Conservation pays off in Florida marine sanctuary

Limiting fishing and other disturbances can trigger a recovery of marine ecosystems, according to studies conducted at Dry Tortugas National Park. PHOTO COURTESY NOAA.

Researcher document recovery in coral reef ecosystems of Dry Tortugas National Park

By Summit Voice

SUMMIT COUNTY — Focused and collaborative conservation efforts can pay off in coral reef ecosystems, federal biologists say, reporting that they’ve documented a resurgence of reef fish and corals in the Dry Tortugas National Park, located about 70 miles west of Key West.

NOAA established the Florida Keys National Marine Sanctuary in 2001, consisting of 151 square nautical miles of protected marine habitat. To monitor the progress of this protected area, which had suffered from overfishing and other environmental changes, the Cooperative Institute for Marine and Atmospheric Studies funded a marine census to examine how the ecosystem was responding after seven years as a protected area.

“We are very encouraged to see that stocks have slowly begun to recuperate since implementing ‘no-take’ marine protected areas in the region,” said Jerry Ault, chief scientist on the project and a professor of marine biology and fisheries at the University of Miami’s Rosenstiel School of Marine and Atmospheric Science. “We are currently crunching the data collected to see what adjustments may need to be made to help guide future management decisions to address the issues of biodiversity protection, restoration of ecological integrity, and fishery management.”

As part of the census, divers from six federal agencies and universities collected data showing increases in the numbers of snapper, grouper, and corals in the outermost Florida Keys, hailed as signs of recovery.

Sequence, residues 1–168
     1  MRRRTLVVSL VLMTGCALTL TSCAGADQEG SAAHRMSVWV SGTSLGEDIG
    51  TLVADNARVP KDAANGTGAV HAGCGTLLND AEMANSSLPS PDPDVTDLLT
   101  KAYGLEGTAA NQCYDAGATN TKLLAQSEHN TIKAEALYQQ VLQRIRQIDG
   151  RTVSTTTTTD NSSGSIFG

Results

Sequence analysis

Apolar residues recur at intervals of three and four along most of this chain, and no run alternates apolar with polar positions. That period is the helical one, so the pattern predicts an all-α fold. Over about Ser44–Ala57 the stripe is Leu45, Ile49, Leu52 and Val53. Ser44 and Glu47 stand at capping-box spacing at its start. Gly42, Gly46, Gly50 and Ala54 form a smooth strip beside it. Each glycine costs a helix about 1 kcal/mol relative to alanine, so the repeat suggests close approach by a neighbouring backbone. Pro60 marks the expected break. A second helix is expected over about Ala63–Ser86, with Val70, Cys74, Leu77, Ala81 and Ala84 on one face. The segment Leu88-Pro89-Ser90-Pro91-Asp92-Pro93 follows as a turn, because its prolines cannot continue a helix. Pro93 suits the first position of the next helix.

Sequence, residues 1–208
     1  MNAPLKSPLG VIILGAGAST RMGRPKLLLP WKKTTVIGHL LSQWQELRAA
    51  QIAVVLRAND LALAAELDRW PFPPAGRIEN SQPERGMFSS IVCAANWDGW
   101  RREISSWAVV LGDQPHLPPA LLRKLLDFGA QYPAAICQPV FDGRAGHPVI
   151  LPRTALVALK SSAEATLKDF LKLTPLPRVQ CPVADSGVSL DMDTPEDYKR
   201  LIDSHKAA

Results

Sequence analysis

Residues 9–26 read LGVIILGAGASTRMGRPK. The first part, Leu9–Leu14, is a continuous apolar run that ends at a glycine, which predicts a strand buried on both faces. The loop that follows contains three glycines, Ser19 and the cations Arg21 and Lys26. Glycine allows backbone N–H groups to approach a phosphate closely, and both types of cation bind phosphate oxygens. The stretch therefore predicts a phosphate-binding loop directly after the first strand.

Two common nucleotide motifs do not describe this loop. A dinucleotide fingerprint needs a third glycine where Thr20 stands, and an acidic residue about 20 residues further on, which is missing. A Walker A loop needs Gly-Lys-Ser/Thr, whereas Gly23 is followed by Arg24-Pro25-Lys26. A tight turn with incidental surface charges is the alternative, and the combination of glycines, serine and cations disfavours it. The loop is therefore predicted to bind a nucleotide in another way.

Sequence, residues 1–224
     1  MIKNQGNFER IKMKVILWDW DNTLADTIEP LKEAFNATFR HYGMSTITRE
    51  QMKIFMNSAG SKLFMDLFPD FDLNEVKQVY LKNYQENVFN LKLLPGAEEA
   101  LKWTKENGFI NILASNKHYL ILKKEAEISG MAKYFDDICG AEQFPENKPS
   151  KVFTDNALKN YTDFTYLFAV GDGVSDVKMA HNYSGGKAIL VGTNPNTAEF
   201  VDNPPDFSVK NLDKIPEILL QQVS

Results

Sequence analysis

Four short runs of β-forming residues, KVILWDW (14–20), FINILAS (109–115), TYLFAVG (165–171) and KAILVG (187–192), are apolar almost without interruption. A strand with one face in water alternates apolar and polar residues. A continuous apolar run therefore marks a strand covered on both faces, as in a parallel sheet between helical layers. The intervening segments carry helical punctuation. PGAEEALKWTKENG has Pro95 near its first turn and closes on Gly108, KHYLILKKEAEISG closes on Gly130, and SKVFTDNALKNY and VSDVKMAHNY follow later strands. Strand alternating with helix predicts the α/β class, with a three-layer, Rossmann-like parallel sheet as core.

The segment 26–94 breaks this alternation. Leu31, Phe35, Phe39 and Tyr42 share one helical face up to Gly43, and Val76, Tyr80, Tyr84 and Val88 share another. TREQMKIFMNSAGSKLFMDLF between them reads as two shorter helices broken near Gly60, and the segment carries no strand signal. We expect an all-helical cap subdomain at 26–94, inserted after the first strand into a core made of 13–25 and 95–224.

The census project itself set a record. During the 20-day study, 1,710 research dives or studies were made, for an average of 86 dives a day from seven feet to 110 feet deep. The divers spent the equivalent of about 46 days underwater.

“We also were looking at how the area has responded to hurricane activity,” said Ault. “This area has been hit by six major hurricanes since 2004, so we can compare that information with what we found this year to see what effect the hurricanes had on the environment.”

In 2007, the TER was complemented by a 50 square nautical mile Research Natural Area — a no-take, no-anchor ecological preserve — in Dry Tortugas National Park.

CIMAS is one of 13 cooperative institutes associated with NOAA’s Office of Oceanic and Atmospheric Research. It combines university research resources with those in NOAA to develop a research center that will help scientists better understand the Earth’s oceans and atmosphere

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